6.0                                                    July 2008
       151                                      151                                                                                                5.7%
150                                                   109 105
                                     88                                                   5.5
                                                                71   80

 50                                                                                       5.0

                                                                                          4.5
 -50
                                                                                -55       4.0
                                                                          -82
-150                                                                                      3.5
               2005                       2006          2007              2008                  00   01    02    03     04     05    06     07      08




  September 2008
                                                                                                                              5
Inflation                                                         the United States. Analysts have pointed to several factors
                                                                  behind the recent rise in food prices, including strong
    Rising energy and food prices have boosted headline           increases in demand for food worldwide, trade restrictions in
inflation, but core inflation remains relatively contained.       some countries, rising input costs–especially for energy,
Consumer prices were up 4.9 percent in the 12 months              fertilizer, and feeds–droughts in key producing countries,
ending in June, a 17-year high and roughly double the year-       and rising demand for corn for use in the production of fuel.
earlier change of 2.6 percent. Core consumer prices               Consumer food prices rose by 5.3 percent in the 12 months
(excluding food and energy) rose just 2.4 percent over the        through June, well above the 4.1 percent increase of a year-
latest 12 months, up only slightly from a year earlier. In the    earlier, which itself was nearly double the 2.2 percent
year through June, the personal consumption expenditure           increase for the year ending June 2006.
deflator rose by 4.1 percent, up sharply from the 2.4 percent
increase posted a year earlier. The core personal                 Federal Budget
consumption expenditure price deflator was also relatively
                                                                      The federal budget deficit declined to $162 billion (1.2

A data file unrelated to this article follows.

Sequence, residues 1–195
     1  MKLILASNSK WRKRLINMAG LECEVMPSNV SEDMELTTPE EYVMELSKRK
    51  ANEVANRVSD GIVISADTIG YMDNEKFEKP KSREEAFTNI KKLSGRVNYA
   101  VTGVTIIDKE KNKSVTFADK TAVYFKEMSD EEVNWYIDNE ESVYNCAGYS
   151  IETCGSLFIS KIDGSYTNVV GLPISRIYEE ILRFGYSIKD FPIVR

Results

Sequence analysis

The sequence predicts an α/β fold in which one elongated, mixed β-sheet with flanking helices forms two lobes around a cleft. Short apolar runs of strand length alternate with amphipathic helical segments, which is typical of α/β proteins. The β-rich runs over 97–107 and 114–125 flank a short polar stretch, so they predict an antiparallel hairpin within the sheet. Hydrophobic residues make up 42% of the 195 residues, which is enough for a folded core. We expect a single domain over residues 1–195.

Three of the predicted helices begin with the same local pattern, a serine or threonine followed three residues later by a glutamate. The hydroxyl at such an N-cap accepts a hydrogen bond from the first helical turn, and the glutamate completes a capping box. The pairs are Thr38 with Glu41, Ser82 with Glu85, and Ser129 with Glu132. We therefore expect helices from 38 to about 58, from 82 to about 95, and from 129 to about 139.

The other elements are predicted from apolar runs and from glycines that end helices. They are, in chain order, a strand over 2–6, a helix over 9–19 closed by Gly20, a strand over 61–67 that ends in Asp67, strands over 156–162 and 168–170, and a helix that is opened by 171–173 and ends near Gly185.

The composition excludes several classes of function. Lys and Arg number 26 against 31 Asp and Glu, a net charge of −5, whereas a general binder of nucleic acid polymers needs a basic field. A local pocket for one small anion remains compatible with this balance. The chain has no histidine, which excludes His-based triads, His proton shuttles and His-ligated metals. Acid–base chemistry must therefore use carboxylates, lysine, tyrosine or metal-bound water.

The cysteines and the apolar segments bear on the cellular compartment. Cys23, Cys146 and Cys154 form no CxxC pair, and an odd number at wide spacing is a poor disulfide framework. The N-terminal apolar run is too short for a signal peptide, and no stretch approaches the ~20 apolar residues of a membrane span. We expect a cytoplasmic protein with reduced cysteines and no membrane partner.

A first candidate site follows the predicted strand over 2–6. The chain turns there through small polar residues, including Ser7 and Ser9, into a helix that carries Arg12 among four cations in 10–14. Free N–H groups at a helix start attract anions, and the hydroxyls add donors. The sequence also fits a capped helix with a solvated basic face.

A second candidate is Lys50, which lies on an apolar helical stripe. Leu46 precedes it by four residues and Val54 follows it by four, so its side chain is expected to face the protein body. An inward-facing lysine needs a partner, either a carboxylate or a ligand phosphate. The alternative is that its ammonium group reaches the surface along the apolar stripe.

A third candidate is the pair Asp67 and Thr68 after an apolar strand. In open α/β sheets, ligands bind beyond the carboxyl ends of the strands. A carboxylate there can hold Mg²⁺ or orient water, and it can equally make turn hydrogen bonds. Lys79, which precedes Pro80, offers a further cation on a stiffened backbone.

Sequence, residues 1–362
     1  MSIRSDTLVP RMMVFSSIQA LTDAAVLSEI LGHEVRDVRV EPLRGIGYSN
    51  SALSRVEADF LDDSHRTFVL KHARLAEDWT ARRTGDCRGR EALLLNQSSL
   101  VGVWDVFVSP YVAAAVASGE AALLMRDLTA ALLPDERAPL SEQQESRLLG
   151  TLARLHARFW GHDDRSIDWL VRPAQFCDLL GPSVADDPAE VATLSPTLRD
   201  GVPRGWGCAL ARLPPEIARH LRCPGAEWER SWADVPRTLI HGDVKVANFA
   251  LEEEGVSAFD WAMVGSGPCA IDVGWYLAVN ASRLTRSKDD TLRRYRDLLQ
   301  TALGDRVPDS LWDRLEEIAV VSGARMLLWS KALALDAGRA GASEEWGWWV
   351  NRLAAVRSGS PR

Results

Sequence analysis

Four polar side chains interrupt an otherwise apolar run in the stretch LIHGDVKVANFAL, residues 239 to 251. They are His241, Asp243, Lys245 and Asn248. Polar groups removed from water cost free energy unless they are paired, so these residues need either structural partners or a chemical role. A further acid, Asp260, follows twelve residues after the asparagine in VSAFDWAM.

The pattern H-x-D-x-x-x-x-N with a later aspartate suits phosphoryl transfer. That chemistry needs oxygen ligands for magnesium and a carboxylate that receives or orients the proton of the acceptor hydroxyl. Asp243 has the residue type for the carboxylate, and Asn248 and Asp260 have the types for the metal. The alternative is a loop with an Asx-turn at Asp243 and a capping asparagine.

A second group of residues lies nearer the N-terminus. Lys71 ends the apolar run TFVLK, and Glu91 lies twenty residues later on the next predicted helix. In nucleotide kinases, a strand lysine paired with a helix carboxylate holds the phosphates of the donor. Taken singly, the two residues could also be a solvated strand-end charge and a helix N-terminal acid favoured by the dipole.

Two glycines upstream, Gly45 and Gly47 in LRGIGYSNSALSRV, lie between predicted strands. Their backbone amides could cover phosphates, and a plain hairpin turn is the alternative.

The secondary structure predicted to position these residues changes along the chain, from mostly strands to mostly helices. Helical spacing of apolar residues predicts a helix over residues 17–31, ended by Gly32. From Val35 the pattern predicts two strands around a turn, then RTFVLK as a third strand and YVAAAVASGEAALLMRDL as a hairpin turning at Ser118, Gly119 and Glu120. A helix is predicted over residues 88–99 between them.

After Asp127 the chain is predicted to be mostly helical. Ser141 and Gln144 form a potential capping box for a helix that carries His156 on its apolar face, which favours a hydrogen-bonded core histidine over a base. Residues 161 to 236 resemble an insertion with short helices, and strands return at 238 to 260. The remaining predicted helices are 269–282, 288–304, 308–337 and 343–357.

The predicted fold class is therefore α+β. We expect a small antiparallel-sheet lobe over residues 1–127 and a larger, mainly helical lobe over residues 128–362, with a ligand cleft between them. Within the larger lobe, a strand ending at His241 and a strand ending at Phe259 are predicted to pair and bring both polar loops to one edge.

contained, rising 2.3 percent in the 12 months through June,
                                                                  percent of GDP) in fiscal year 2007. During the first 9
a bit above its year-earlier increase of 2.0 percent.
                                                                  months of fiscal year 2008, the deficit rose to just under
    Energy prices reached record highs in mid-summer, but
                                                                  $270 billion, roughly $148 billion more than the same period
have since started to come down. The retail price of regular
                                                                  in fiscal year 2007. Stimulus payments associated with the
gasoline reached a record $4.11 a gallon in early July, but
                                                                  Economic Stimulus Act of 2008 (see below) and the slowing
eased below $3.90 per gallon in mid-August. The front-
                                                                  economy are partly responsible for the rising deficit, as
month futures price for West Texas Intermediate (WTI)
                                                                  stimulus payments lowered net receipts and the slowing
crude oil traded to a record $147 per barrel in mid-July, but
                                                                  economy raised outlays for programs like unemployment
has since dropped almost $30 to around $118 per barrel.
                                                                  insurance.
Nonetheless, oil prices remain more than $40 per barrel
                                                                      The Mid Session Review of the Federal Budget shows
higher than a year ago.
                                                                  both outlays and receipts growing more slowly in fiscal year
    Food price inflation began rising much more rapidly in